Open Letter to the Man Who Steals My Sunday Paper
I don’t want this to come off as ridiculously rude, but goddamnit, stop stealing my Sunday paper.
Ok, actually, step back and let me introduce myself. I’m a journalist, and your neighbor, and while I get the Washington Post delivered on my doorstep every day, I only get the New York Times on Sunday, and when it arrives it gets put in a little basket in the lobby. That’s where you come in. Each Sunday, depending on when I come down to get my paper, I find it, or one of its cousins, rifled through. That is if I find it at all. If I do, I’ve come to accept that you’ve taken its neatly folded pages and peeled them back as if you were making a tissue paper flower, and left your black thumb and fingerprints–evidence!–all over its pages. Occasionally, you attempt to put the sections back in some semblance of order, but you end up leaving the paper looking rumpled, like it’s been caught cheating, lipstick on its collar. This typically drives me nuts.
But this morning, you were actually there, sitting on the lobby couch, enjoying a leisurely read. “I’m just reading it,” you said nonchalantly, looking up from the business section as I reached for the basket. You seemed completely unperturbed by the fact that you were caught in the act. And alas, the sticker which typically identifies my paper was missing, and the papers were each stuffed into blue plastic bags. So I grabbed one of the other ones in the basket, and may have yelled something at you as I let the front door of our building slam behind me. I apologize for that, because you deserve to have this said to your face: You suck.
I realize I’m doing the passive aggressive twentysomething internet thing and taking my beef to the web, but frankly the web is exactly the place you could go if you wanted to read the New York Times, for free, every Sunday. It’s a huge problem facing my line of work, and I do small things like subscribe to magazines and newspapers to keep journalism afloat, and to ensure that myself and my coworkers will have jobs to go to in the coming years. So there’s one option for you. The other is for you to subscribe yourself. Obviously there are about five other people in the building who have managed to figure out this byzantine process, and who expect to reap the rewards of their dedication to the printed page by finding it there, untrammeled, on the weekends. There’s also the library (where rumor has it the books are also free), or you might even be able to snag the Style section at the Starbucks nearby if you get there early enough. But let me be clear, our apartment lobby is not your personal reading nook, and you’re lucky I didn’t snatch that paper from your hands.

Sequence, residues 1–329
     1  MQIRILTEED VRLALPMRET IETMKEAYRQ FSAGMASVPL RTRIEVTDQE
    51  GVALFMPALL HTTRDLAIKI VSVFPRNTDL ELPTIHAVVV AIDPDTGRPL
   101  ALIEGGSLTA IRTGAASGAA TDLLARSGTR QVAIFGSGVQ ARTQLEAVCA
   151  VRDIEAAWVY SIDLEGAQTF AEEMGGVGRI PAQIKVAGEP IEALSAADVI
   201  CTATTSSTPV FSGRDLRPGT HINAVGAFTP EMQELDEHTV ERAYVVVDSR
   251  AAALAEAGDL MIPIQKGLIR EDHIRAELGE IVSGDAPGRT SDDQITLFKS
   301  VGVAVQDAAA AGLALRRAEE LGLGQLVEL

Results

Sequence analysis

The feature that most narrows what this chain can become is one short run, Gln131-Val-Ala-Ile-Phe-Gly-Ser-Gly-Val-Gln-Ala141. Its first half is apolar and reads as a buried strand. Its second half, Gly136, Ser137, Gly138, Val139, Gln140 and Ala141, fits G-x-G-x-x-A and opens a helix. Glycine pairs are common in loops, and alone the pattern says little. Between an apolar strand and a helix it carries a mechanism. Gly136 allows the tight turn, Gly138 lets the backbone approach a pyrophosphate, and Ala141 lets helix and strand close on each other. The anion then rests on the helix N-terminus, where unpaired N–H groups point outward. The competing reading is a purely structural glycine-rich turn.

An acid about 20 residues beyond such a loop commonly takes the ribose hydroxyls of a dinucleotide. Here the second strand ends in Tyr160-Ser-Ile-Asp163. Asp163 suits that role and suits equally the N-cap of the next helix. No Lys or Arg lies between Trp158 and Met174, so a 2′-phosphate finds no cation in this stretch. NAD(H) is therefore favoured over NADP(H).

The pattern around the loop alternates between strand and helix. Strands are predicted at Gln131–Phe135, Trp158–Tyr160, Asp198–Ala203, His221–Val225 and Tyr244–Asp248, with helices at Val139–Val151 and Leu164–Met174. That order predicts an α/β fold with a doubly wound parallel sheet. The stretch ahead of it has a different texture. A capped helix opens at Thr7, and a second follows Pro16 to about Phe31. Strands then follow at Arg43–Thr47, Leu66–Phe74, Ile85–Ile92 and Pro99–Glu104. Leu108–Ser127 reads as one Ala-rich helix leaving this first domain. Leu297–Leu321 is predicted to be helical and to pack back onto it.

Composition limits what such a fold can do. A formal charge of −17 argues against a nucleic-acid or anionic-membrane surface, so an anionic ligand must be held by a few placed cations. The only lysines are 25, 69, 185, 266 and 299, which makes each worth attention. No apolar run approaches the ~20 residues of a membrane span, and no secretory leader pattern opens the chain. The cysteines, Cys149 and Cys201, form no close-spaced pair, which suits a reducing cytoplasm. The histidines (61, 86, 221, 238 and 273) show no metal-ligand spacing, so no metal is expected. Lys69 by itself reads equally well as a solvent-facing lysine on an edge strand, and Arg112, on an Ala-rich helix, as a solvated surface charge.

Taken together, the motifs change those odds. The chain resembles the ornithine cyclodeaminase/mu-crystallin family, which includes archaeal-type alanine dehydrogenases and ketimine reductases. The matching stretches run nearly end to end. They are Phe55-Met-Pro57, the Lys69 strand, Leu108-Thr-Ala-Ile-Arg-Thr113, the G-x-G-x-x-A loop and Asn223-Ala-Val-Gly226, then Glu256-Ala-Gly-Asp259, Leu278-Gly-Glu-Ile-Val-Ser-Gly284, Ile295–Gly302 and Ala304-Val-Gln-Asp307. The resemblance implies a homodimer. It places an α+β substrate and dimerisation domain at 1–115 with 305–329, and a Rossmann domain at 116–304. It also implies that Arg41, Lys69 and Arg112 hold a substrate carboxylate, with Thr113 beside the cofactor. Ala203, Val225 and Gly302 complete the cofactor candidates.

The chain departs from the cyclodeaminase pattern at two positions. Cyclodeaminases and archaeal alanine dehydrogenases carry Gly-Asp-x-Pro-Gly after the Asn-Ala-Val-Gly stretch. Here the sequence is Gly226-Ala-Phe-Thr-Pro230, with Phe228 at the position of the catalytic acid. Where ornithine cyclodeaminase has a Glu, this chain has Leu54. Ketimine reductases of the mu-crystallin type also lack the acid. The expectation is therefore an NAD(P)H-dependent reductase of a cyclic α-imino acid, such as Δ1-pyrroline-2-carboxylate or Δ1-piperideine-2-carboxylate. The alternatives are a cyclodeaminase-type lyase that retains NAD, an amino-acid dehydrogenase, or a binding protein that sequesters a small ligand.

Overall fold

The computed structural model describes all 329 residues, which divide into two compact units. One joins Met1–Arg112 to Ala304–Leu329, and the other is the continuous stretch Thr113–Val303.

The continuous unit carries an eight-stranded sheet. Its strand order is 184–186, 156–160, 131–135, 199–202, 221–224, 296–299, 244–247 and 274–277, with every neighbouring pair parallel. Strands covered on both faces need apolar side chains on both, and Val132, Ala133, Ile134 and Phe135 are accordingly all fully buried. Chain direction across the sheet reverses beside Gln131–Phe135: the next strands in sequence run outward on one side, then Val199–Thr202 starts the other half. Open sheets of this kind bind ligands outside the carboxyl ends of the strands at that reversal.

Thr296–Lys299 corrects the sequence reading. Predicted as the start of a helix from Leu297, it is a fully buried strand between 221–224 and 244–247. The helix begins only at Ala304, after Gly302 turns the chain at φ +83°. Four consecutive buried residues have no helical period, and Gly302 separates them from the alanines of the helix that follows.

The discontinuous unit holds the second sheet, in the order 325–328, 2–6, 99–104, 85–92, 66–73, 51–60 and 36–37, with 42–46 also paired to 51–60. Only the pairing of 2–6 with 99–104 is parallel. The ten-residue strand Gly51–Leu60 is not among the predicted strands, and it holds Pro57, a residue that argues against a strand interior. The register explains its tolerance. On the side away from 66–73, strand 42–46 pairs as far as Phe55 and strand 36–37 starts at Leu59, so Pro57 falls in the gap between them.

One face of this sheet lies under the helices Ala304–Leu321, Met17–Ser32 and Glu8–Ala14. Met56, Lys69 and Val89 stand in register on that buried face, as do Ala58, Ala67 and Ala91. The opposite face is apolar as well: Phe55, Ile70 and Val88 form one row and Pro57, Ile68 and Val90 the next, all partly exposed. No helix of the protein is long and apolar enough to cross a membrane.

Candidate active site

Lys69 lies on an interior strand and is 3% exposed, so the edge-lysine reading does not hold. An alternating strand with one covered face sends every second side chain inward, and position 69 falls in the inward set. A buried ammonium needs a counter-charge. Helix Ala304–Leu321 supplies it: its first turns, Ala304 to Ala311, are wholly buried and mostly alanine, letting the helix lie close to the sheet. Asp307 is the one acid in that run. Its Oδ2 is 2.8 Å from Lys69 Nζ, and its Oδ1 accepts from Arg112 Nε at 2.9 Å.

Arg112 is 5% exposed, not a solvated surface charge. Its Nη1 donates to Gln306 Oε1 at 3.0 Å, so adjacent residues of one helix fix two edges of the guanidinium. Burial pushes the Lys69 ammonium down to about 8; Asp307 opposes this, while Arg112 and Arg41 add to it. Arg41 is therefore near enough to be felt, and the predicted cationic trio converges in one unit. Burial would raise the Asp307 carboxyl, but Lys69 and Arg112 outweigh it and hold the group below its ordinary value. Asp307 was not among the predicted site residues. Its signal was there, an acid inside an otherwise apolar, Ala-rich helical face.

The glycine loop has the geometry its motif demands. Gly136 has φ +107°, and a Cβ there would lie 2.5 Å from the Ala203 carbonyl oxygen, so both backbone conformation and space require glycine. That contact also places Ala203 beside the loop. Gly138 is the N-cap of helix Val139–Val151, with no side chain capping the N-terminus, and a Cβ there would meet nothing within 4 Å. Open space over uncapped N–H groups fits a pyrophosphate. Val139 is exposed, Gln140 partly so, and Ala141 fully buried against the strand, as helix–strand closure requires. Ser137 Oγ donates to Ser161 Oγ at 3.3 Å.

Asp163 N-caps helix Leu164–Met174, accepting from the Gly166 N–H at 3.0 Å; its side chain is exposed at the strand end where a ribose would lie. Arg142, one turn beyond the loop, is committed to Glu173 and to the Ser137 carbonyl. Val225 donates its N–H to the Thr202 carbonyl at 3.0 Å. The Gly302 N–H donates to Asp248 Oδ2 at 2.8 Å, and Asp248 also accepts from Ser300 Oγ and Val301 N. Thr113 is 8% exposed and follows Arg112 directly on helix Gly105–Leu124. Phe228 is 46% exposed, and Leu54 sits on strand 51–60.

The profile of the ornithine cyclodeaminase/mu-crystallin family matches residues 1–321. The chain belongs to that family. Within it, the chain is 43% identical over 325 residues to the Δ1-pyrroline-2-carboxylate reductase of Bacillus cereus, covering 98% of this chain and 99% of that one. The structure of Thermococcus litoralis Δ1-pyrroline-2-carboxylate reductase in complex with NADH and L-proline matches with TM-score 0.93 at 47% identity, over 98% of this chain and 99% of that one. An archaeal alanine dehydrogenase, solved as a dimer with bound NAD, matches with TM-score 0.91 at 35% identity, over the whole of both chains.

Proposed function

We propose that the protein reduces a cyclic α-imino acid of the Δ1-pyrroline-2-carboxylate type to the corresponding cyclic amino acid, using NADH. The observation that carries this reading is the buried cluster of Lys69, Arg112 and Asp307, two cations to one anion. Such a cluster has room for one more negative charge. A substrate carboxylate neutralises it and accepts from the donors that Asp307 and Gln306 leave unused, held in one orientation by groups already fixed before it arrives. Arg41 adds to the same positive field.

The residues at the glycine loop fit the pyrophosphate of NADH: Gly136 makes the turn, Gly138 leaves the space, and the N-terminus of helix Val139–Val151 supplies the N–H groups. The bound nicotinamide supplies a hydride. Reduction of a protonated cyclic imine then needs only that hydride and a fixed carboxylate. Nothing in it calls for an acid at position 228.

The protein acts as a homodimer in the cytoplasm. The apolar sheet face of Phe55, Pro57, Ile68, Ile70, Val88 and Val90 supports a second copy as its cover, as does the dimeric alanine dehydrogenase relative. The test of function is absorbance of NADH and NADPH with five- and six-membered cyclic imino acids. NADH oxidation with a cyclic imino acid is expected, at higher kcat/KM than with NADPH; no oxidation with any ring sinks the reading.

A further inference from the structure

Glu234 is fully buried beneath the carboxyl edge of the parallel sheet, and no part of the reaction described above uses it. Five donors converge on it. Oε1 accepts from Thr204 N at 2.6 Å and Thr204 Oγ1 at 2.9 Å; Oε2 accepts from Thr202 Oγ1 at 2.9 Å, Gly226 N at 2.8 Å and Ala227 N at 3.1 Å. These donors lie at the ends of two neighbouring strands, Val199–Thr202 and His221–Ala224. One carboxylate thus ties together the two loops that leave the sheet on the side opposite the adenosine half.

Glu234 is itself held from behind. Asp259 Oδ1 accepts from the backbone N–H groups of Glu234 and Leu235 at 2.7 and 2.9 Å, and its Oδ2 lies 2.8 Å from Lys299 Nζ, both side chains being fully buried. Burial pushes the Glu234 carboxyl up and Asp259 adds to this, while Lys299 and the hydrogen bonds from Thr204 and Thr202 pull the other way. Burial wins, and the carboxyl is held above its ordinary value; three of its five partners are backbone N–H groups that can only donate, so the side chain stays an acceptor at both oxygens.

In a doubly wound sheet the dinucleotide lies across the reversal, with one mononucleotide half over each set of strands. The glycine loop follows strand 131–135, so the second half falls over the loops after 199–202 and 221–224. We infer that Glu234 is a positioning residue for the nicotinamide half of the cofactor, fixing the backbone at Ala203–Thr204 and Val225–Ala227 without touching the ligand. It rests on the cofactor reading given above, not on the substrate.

Oh, and it was also very thoughtful of you to stuff the paper you read back in the blue bag it came in once you were done with it. I’m sure our other neighbors hardly noticed.